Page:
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Help the Teacher Salary Project Boost Our Profession

| Edutopia

Editor's note: The following call to action was written by Nínive Clements Calegari, who was featured in Edutopia's 2007 Daring Dozen. She is also a member of the George Lucas Educational Foundation's National Advisory Council (GLEF).

I'll be happy when excellent teachers don't have to work second jobs to pay their bills. It might seem strange to keep harping on this topic when 20 million people in our country don't have work, but I'll tell you why I can't let up. Plus, you can help.

The Teacher Salary Project is working to honor effective teachers, and we'd love to hear your story. Please read on to learn how you can be a part of this movement.

Here's why this matters so much:

We have to focus on our most valuable asset and resource: the kids sitting in every classroom all over our country. And now we know, unequivocally, that the most important factor for their school success is the quality of the teacher at the helm.

So, why not put the very best person there and keep them there? Let's pay teachers well so they can continue doing the work they love and afford to not take a second job.

Would you consider joining our effort?

People sometimes tell me that teachers aren't motivated by money (and I guess the thinking, therefore, is that they don't need it). But I would like to believe that there are many doctors out there who aren't motivated by money, but are fascinated by the science and pushed to do their best because of their patients. Should we underpay them?

Would we worry if 46 percent of doctors left within their first five years, as teachers do? The work is strenuous and draining and demanding, and yet, they stay. And they can buy a home in the neighborhood they want, and they don't have to work at a bar or a bookstore on the weekends to fund their passion for medicine and their patients' well being.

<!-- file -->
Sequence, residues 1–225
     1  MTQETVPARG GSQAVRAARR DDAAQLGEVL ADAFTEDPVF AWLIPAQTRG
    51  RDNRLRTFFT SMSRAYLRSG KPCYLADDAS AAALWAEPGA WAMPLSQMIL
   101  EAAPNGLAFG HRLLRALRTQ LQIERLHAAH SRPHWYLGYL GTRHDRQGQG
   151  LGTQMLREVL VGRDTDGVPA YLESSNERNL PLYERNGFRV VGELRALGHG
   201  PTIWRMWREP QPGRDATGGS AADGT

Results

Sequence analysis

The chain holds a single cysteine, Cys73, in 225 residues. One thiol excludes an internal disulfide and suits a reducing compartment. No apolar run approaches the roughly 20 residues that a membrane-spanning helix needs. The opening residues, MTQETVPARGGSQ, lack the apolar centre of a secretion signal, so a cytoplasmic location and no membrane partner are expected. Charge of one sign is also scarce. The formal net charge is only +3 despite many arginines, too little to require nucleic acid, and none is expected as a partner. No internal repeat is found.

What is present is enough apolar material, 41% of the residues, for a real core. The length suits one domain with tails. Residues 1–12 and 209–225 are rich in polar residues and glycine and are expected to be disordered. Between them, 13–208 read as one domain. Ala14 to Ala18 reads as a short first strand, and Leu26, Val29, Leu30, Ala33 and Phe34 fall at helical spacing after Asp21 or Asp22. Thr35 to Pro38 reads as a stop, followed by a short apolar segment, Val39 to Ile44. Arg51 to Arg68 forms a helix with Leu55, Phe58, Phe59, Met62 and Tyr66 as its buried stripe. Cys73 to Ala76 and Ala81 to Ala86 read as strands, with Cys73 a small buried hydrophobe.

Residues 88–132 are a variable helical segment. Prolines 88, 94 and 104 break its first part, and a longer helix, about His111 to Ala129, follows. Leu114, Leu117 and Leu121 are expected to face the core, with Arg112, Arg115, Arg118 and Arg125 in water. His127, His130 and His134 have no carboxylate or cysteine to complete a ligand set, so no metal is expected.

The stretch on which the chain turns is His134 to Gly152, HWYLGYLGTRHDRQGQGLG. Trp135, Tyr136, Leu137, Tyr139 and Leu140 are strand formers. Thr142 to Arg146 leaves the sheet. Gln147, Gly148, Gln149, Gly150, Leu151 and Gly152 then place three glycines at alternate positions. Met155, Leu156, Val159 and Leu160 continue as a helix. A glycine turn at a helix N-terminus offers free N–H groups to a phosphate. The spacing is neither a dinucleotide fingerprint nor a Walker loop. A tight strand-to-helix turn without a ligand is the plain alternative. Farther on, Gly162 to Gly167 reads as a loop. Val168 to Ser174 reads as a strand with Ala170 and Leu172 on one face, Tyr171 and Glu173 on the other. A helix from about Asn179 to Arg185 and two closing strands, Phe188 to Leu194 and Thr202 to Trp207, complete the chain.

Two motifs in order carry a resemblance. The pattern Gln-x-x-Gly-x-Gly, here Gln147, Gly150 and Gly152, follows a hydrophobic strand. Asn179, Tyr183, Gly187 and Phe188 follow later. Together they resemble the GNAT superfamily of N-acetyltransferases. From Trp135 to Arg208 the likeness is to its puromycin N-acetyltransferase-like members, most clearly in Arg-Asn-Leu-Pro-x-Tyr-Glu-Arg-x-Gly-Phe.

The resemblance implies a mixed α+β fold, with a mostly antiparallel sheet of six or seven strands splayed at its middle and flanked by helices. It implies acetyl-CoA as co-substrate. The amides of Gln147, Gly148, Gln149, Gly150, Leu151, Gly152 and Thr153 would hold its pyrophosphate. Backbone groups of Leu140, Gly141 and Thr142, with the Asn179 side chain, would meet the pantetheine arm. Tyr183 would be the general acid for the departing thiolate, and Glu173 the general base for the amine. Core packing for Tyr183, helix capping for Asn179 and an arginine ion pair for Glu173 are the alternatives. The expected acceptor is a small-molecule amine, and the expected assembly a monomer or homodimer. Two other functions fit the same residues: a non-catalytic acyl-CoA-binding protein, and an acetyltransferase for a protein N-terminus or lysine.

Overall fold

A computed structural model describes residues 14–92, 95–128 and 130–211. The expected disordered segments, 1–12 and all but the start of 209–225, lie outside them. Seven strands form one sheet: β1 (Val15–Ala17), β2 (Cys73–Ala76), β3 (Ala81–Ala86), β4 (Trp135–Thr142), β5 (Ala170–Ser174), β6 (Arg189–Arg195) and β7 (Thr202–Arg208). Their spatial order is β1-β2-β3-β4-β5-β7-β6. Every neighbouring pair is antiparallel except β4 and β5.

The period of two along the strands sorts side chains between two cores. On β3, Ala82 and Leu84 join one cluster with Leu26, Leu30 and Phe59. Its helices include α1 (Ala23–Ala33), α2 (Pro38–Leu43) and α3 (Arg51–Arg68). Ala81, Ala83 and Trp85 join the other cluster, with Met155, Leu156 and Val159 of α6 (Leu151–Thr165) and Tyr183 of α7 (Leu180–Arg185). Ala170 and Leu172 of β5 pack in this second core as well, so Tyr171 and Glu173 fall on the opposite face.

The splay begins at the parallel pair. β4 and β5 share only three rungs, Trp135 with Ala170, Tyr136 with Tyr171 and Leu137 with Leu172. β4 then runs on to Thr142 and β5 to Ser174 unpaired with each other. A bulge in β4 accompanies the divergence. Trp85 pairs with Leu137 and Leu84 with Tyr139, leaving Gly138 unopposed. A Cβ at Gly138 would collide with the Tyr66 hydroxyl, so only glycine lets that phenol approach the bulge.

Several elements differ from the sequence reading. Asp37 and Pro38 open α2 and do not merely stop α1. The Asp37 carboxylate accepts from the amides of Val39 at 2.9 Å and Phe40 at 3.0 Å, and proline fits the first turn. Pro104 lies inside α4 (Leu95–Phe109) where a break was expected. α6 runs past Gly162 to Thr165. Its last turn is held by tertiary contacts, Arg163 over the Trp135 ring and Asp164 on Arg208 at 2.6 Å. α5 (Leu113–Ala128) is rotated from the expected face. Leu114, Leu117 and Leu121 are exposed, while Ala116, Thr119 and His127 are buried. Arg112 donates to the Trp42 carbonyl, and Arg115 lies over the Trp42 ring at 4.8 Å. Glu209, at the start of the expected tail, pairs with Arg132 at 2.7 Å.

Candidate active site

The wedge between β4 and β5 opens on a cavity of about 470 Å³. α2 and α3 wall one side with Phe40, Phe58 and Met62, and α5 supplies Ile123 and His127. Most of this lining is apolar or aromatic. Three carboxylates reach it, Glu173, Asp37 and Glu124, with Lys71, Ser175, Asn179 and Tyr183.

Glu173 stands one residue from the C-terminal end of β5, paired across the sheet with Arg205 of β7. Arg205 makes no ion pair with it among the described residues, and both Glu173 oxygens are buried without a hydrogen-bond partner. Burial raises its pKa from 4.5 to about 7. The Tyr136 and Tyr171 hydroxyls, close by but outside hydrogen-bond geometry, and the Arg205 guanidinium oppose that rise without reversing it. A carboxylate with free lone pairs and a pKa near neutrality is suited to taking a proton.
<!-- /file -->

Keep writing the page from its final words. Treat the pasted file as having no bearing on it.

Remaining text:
We expect so, so much from our teachers. And after years of research, we know for sure the best ones really make a magnificent difference in young peoples' lives. The Teacher Salary Project is hoping to shine a light on effective teachers to make sure that all Americans realize that we are all stakeholders in our schools.

Like Arne Duncan says, either for social justice reasons or as an economic imperative, we have to do better. Not pushing on this means that we perpetuate poverty and we all lose out. Dramatically.

The ultimate vision of The Teacher Salary Project is to propel teaching into the financially attractive, prestigious and competitive profession it needs to be. We dream of a nation where every child -- not just students in wealthy and middle class schools -- will have stellar teachers who not only inspire and challenge students to live up to their potential, but grow in their profession to shape whole communities.

The project will build the necessary political will around this issue and provide the concrete tools to reshape our educational system dramatically -- one district at a time.

Blending multi-media documentary storytelling with video submissions from the public, this project is a collective story by and about those who have the greatest impact on student success -- our nation's teachers. The film will encourage discussion and inspire communities to change. After its debut, our online archive will continue to serve as an evolving source of information, news, and links to districts at the forefront of reform.

Join us to change American culture so that students receive the education they deserve.

Send us a letter or a video of 1-3 minutes telling your own story -- why you teach, your setbacks, your triumphs, your hopes, your frustrations, or a certain memory that sticks in your mind. E-mail questions or written submissions to ninive@theteachersalaryproject.org, and learn more at our Web site.

We'll weave your stories into our film and our Web site. Together we would like to represent the very best of the teaching profession to inspire our audiences to action.